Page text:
is on this weekend
ON THE COUCH... Upper YP Relay for Life
Committee members, back: Sheree Williams,
Belinda Knight, Bev Prestwich; front: Dale
Sawley, Janine Mercer, Georgina Weissmann
on the Purple Couch, which is new this year.
The Purple Couch will be a place for all team
members to visit and spend some quiet time to
gather and reflect, record their thoughts and
express their emotions throughout the week-
end. (Absent: Scott Mercer, Gerry Guerin.)
9am: Gates open, camp set-up.
11.30am: Team registrations open.
Noon: Food available from noon onwards.
12.30pm: Survivors and carers registration
1pm onwards: Children's entertainment
(jumping castle, face painting, bungee run,
hobby horse, et cetera).
1.25pm: Start of entertainment on main stage
leading up to opening ceremony; welcome
from committee chairperson Janine Mercer;
special guest speaker Darren "Sas" Barker;
reading of survivors' names; relay oath led by
Ardrossan Angels team member Adlen Lodge.
2pm: Ribbon cutting; survivors' and carers'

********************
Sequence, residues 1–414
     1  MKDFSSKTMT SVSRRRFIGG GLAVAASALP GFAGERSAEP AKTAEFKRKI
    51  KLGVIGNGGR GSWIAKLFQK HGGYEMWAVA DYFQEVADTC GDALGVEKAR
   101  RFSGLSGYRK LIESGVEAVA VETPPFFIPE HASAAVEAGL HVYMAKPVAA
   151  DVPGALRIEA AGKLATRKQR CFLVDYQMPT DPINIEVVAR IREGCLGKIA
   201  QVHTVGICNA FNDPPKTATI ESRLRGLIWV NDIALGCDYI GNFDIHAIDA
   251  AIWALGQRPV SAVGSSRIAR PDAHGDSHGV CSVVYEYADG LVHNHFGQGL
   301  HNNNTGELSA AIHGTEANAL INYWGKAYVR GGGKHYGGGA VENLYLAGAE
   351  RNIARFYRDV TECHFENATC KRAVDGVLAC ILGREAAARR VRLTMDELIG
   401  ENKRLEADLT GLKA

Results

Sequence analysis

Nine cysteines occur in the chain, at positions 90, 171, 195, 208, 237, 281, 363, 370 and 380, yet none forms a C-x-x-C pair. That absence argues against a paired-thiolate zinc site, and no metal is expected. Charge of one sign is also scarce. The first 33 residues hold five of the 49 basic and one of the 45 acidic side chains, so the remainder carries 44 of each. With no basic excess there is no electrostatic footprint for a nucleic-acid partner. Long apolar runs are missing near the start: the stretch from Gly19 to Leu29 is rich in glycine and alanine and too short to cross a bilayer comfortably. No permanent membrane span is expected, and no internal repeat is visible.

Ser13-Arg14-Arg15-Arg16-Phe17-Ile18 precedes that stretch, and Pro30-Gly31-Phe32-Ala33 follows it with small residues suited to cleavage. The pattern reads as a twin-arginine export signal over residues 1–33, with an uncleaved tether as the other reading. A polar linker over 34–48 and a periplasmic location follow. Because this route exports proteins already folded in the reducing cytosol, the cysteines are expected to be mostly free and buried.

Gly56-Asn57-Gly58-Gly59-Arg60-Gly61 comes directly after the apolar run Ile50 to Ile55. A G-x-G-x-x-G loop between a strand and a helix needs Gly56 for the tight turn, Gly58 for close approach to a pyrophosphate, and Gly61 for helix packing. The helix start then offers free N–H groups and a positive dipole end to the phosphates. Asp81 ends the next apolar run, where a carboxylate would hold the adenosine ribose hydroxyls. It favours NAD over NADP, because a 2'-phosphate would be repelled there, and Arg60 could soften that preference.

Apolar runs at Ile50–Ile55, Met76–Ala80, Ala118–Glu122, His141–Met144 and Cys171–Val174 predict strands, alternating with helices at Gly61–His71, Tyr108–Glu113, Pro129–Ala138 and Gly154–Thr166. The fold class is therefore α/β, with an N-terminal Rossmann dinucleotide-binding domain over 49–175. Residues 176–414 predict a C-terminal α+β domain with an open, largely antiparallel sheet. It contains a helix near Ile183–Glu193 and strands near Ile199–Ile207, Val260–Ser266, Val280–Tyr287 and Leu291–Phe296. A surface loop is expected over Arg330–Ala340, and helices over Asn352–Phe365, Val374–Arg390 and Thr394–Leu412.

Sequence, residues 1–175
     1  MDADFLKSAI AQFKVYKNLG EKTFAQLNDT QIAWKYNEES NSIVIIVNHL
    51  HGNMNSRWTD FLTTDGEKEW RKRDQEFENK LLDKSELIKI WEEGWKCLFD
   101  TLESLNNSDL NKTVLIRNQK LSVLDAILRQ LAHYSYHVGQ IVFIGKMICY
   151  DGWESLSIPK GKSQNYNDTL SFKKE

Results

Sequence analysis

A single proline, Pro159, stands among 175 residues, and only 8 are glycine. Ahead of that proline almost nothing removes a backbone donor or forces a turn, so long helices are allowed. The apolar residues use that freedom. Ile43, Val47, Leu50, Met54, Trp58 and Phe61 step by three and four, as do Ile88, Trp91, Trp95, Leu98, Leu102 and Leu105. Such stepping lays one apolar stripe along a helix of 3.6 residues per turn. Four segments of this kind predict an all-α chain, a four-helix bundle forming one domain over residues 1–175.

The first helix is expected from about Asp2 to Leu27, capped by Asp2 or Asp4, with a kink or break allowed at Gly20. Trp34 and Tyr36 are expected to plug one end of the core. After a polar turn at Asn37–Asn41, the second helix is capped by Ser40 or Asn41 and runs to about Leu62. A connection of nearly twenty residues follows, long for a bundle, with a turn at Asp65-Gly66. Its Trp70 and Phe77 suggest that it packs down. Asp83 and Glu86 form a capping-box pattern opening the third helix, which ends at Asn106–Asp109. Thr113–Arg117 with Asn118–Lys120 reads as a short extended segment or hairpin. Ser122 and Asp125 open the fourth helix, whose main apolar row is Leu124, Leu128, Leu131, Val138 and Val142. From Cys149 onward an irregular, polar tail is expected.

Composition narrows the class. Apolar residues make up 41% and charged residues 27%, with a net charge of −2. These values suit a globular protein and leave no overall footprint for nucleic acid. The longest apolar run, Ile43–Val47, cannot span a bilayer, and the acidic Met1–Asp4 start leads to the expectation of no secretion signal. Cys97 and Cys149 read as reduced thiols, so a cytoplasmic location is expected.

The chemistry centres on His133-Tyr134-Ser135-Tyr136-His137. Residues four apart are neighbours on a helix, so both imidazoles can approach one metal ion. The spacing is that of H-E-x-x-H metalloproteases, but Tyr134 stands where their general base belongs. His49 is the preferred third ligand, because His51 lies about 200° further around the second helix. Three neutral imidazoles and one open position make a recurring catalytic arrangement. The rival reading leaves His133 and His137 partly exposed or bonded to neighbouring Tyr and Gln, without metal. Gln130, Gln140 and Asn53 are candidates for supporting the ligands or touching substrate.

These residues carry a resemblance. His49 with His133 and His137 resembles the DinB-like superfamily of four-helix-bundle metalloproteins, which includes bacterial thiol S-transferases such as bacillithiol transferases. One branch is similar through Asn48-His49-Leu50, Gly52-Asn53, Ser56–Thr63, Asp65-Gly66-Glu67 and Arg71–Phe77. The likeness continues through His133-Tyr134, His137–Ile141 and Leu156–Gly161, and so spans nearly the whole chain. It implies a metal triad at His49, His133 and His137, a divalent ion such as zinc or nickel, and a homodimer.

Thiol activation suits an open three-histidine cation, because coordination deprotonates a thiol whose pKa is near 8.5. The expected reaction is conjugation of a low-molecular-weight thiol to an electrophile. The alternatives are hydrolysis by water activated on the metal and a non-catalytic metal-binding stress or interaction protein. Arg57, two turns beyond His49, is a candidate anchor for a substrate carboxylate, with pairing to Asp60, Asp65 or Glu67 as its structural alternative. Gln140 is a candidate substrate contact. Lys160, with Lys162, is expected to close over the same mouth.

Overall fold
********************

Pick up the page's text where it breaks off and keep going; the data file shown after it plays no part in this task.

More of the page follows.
lap; all teams to start laps.
2.15-2.45pm: Survivors' and carers'
3pm: Munchy's Olympics.
3pm-4.15pm: Kadina Primary School choir and
recorder group; Wallaroo Primary School
choir; Harvest Christian School band.
4.30pm: Line dancing demonstration.
5-6pm: Entertainment provided by various
singers, Kadina Memorial High School jazz
band, et cetera.
6.15pm: Zumba demonstration.
6.45-7.45pm: Various singers leading up to
7.50pm: Teams invited to stop walking to
gather for candlelight ceremony.
8pm: Candlelight ceremony begins, conducted
by Rob Casburn.
9pm: Teams invited to re-join the track.
9.30pm-midnight: Rock 'n' roll/disco DJ dance
6am: Dawn service with Reverend Dave
McDougall and address by Cancer Council
ambassador Katherine Krollig.
6.30am: Breakfast catered for all team
8.30am: Marie Robertson and Joyce Adolph
8.45am: All team members on track for last 10
9am: Teams complete final lap and gather for
closing ceremony; address by chairperson
Janine Mercer; guest speaker Jenny Bruce;
presentations; announcements and closing
song by Marie Robertson and Joyce Adolph.
9.30am: Pack up tent sites and go home to
Ready to Relay
The Fruitloops Survivors Sparkle
Rock 'n' Roll Club
of the Village
World PRCC Invincibles
Be Heroes I
Be Heroes II
TEAMS... These are the teams participating in the Upper Yorke
Peninsula Relay for Life on October 27 and 28.
30 Yorke Peninsula Country Times Tuesday, October 23, 2012